Evaluation of Publicly-Available Global Hydrologic Datasets to Improve Water Resources Management in Vietnam

Author: ORCID icon orcid.org/0000-0002-8820-8492
Le, Manh Hung, Civil Engineering - School of Engineering and Applied Science, University of Virginia
Lakshmi, Venkataraman, EN-Eng Sys and Environment, University of Virginia

Water resources management (WRM) is essential to sustainably improve prosperity in developing nations. WRM requires reliable estimates of key hydrometeorological variables to monitor changes in water availability. Thus, one of the biggest challenges in WRM at the national scale is accurate and timely observations of these variables from the ground networks (referred to as local datasets) that usually have low density. Without boundary restriction and global coverage, satellite-based and outputs from land surface models datasets (referred to as global datasets) are promising and can estimate these variables. However, there are several barriers to use global datasets in local WRM: (i) global datasets usually have large sizes and are not easy to handle, (ii) they often have coarse resolutions that are not suitable to local-scale WRM applications, and (iii) they have heterogeneous quality depending on climatic and geographic conditions. Therefore, large-scale validation of a global dataset is an area of research that requires more attention to provide practical insights about the usefulness of these assets over different regions. This dissertation aims to better understand the capacity of global datasets to support WRM in Vietnam–a tropical country that faces many water stresses in a warming climate and does not have a good observational network to monitor key hydrometeorological variables. Specifically, we examine satellite- and re-analysis- based precipitation products and satellite-based soil moisture products in hydrologic impact studies over a large number of catchments.
There are four key findings yielded from the four independent large-sample studies conducted within this dissertation. First, satellite-based precipitation products (e.g., TMPA; Tropical Rainfall Measurement Mission Multi-satellite Precipitation Analysis) accurately estimated rainfall in wet season compared to the dry season (rain gauge as a base reference) in the Red-Thai Binh River basin, the second largest river basin in Vietnam. The quality of TMPA datasets could be improved based on a climatology-topography-based linear-scaling approach, especially to reduce their bias. Second, high-spatial resolutions (at 1-km) of re-analysis dataset (e.g., MERRA-2; Modern-Era Retrospective analysis for Research and Applications version 2) could be useful to detect percentage drought areas as well as to quantify drought trends across Vietnam. This finding reveals the feasibility of using a model-based drought index in data-sparse areas to assess drought conditions, and for practical applications of advanced re-analysis products in WRM. Third, the Global Precipitation Mission (GPM) Integrated Multi-satellitE Retrievals for GPM (IMERG) final run version 6 (GPM IMERGv6) could be the input precipitation for a hydrological model (SWAT; Soil and Water Assessment Tool) to simulate streamflow. Also, the Climate Hazards group Infrared Precipitation with stations (CHIRPS) dataset demonstrates a relatively low bias and could benefit long-term water resources planning for droughts. These conclusions were based on a comprehensive hydrologic model study (a total of 54 simulated scenarios) across Vietnam basins. Fourth, remotely sensed soil moisture data assimilation in a hydrologic model streamflow simulation could increase the accuracy of streamflow simulation. The benefits of high-spatial resolution soil moisture (e.g., SMAP, Soil Moisture Active and Passive), at a spatial resolution of 1 km in the data assimilation framework, is outperformed by that data assimilation using SMAP at a spatial resolution of 9 km. This finding is based on an experiment using eight catchments with varying sizes and runoff patterns across contrasting climate zones in Vietnam. Overall, this dissertation is beneficial to water practitioners in developing nations, as a guide to decide whether publicly available global datasets are useful for local applications, and if so, which data sources would be the most suitable to consider.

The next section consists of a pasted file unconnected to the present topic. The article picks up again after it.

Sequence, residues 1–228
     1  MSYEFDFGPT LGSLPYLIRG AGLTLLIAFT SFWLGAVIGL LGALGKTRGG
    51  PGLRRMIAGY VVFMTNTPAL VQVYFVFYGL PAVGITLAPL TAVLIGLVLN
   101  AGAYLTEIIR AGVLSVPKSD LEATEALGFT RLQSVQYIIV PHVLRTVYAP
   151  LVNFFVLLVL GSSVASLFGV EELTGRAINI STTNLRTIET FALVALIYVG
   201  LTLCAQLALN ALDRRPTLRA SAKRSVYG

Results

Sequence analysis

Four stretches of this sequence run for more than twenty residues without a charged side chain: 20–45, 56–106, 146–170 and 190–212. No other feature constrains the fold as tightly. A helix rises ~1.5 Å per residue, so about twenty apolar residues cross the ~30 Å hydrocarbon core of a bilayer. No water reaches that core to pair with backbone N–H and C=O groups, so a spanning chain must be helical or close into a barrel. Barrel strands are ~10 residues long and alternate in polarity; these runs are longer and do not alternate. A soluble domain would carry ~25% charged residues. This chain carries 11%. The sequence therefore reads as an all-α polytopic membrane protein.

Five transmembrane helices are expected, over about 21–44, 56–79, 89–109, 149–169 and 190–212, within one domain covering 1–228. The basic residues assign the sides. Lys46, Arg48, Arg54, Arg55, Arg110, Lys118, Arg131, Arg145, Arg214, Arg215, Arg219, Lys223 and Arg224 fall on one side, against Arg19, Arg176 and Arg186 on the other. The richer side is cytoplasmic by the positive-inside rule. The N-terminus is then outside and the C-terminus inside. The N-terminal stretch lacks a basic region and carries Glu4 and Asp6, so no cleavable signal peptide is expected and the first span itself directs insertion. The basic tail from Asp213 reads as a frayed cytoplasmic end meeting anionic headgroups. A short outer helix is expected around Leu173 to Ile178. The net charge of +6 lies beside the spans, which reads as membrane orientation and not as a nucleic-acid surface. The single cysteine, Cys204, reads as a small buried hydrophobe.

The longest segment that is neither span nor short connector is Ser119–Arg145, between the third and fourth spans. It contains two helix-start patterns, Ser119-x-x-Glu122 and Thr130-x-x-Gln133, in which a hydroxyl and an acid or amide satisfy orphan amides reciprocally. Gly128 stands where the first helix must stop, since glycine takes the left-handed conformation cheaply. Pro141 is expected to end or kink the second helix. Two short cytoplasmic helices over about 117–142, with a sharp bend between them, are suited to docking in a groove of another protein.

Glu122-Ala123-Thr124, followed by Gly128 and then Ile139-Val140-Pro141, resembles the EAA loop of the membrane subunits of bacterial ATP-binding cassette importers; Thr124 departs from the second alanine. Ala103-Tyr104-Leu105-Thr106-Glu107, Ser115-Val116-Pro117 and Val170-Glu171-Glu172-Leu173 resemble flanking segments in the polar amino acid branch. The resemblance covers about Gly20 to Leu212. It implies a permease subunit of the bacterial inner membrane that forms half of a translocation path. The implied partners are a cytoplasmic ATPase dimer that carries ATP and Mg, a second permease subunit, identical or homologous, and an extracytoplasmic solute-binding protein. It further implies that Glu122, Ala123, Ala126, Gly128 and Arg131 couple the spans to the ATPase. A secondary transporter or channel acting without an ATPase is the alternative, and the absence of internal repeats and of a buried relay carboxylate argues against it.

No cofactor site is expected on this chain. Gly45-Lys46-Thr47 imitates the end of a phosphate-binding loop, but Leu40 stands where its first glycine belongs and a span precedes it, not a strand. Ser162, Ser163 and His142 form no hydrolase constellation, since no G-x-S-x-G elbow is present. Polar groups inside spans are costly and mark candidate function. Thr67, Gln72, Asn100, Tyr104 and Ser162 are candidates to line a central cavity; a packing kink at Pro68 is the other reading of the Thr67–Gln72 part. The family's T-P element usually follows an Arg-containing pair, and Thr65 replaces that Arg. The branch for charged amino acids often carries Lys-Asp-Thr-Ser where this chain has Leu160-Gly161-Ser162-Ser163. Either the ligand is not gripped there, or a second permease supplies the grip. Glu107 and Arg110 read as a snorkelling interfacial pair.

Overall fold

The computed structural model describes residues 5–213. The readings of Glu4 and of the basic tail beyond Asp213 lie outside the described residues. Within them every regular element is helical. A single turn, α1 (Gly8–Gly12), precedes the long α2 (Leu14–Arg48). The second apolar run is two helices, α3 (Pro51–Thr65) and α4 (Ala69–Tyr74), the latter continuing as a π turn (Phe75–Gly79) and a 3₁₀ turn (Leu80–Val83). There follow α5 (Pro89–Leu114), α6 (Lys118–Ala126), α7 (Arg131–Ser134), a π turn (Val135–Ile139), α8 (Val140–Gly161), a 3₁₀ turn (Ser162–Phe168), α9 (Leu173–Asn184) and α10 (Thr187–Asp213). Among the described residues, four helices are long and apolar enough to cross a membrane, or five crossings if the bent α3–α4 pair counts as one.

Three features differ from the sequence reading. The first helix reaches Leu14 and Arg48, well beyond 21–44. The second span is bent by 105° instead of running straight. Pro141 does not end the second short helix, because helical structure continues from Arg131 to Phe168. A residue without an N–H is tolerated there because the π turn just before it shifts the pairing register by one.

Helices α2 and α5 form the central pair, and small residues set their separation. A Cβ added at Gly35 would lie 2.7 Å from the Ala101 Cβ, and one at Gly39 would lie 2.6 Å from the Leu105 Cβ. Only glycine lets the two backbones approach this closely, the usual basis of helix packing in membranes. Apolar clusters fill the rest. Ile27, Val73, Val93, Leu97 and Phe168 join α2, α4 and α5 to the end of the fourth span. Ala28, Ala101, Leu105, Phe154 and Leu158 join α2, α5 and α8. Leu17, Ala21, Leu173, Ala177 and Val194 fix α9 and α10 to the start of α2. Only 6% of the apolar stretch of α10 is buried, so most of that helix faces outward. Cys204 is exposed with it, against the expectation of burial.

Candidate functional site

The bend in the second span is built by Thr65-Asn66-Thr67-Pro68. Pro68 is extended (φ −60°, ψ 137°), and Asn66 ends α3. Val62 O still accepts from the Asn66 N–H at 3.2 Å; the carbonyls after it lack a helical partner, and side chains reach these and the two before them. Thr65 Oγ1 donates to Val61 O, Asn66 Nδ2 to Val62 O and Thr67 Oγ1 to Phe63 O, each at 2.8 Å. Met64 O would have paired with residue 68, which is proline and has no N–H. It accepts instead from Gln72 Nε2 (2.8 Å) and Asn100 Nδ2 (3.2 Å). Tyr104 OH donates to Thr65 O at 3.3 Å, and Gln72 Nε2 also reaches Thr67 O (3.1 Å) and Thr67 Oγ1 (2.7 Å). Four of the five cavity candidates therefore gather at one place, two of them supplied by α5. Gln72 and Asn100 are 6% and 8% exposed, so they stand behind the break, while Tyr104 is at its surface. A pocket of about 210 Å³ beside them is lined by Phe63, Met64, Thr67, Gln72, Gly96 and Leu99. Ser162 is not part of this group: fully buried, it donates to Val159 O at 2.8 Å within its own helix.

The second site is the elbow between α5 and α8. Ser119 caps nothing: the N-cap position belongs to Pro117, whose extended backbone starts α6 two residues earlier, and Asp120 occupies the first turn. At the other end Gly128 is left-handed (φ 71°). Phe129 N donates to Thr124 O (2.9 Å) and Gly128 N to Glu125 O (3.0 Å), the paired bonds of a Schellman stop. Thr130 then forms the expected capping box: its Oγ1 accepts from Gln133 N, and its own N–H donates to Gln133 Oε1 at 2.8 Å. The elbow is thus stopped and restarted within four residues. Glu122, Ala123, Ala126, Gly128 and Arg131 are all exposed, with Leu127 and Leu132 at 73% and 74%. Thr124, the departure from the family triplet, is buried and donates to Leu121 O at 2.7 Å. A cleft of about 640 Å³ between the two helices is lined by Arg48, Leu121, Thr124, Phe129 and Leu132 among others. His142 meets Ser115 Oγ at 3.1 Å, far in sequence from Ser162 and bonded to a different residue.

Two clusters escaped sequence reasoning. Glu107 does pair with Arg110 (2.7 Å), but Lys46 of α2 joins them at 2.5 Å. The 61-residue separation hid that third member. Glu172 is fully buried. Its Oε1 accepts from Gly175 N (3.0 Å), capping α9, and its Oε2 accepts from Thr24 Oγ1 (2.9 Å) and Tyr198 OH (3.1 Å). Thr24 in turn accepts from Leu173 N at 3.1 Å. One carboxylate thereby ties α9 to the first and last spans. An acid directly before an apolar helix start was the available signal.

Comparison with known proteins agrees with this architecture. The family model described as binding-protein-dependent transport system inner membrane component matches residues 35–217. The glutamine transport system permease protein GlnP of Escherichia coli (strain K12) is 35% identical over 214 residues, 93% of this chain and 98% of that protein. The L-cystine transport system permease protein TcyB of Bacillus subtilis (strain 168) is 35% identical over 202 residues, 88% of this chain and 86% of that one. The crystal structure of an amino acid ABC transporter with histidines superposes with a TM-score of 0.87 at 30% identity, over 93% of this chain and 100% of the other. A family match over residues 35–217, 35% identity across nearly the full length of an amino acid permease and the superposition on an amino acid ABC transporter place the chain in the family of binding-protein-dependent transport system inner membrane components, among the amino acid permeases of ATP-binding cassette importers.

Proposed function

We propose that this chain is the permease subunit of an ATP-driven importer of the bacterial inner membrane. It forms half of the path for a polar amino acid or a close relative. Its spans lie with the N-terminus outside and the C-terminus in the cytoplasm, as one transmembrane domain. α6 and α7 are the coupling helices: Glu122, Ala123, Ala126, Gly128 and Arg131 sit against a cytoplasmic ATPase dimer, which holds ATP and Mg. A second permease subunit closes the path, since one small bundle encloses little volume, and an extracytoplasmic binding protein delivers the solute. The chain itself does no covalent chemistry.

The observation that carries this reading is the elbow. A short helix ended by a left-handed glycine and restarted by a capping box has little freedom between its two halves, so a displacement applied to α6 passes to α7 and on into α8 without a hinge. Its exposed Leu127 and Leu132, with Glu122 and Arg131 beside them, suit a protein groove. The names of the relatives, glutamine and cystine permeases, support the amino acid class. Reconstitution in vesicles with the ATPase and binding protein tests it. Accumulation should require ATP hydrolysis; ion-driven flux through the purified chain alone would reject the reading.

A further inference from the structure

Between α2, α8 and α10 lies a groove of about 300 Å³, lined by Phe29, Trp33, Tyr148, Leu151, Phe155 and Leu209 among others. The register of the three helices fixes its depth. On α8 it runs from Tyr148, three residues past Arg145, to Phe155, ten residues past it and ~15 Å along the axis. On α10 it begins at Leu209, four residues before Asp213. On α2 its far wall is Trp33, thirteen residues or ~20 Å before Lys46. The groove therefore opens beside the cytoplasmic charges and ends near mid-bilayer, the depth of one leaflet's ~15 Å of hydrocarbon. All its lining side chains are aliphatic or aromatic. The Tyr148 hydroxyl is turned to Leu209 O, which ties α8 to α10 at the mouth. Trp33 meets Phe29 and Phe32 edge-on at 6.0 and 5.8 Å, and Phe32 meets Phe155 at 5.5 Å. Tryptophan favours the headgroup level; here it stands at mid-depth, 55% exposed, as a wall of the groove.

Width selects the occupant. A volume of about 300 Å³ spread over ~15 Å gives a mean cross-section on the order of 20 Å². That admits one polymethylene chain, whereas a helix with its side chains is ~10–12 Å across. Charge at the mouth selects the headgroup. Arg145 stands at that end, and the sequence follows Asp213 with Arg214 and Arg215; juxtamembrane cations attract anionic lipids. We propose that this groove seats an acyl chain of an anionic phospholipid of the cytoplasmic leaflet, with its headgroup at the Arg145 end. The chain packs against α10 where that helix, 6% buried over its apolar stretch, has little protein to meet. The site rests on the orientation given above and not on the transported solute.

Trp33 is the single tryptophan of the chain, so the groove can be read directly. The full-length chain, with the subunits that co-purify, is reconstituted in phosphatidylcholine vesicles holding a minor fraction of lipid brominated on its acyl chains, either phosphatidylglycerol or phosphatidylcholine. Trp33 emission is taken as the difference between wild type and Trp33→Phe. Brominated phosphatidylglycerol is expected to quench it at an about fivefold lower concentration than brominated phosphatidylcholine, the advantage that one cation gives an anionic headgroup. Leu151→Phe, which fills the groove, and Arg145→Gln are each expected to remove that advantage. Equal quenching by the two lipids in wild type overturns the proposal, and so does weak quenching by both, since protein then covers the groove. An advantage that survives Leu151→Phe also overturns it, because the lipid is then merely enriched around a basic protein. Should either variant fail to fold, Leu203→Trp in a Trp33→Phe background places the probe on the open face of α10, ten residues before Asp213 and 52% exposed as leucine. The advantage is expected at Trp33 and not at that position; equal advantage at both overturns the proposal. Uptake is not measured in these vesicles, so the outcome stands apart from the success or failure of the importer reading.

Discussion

PHD (Doctor of Philosophy)
Earth Observations, Vietnam, SWAT, large samples, precipitation, soil moisture, drought
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